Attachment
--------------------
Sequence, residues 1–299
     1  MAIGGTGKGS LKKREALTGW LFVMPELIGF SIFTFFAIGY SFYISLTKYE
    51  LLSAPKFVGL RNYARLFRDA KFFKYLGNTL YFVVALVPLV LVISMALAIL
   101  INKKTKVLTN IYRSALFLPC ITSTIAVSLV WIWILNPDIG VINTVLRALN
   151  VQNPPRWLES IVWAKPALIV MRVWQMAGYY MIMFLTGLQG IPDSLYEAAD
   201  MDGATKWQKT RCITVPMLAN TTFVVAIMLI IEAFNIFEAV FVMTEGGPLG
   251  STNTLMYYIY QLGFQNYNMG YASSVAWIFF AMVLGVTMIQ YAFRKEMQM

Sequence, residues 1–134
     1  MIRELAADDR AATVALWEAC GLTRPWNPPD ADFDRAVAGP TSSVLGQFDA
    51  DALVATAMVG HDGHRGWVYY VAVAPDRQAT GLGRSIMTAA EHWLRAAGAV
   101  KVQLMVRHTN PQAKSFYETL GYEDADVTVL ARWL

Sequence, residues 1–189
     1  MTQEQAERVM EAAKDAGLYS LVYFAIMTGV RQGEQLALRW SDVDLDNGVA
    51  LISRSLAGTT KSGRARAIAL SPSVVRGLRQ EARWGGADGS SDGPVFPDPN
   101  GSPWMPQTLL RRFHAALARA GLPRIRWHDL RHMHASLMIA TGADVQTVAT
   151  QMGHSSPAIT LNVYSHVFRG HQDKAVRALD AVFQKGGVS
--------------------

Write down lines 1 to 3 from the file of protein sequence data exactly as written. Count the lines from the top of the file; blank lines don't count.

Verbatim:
Sequence, residues 1–299
     1  MAIGGTGKGS LKKREALTGW LFVMPELIGF SIFTFFAIGY SFYISLTKYE
    51  LLSAPKFVGL RNYARLFRDA KFFKYLGNTL YFVVALVPLV LVISMALAIL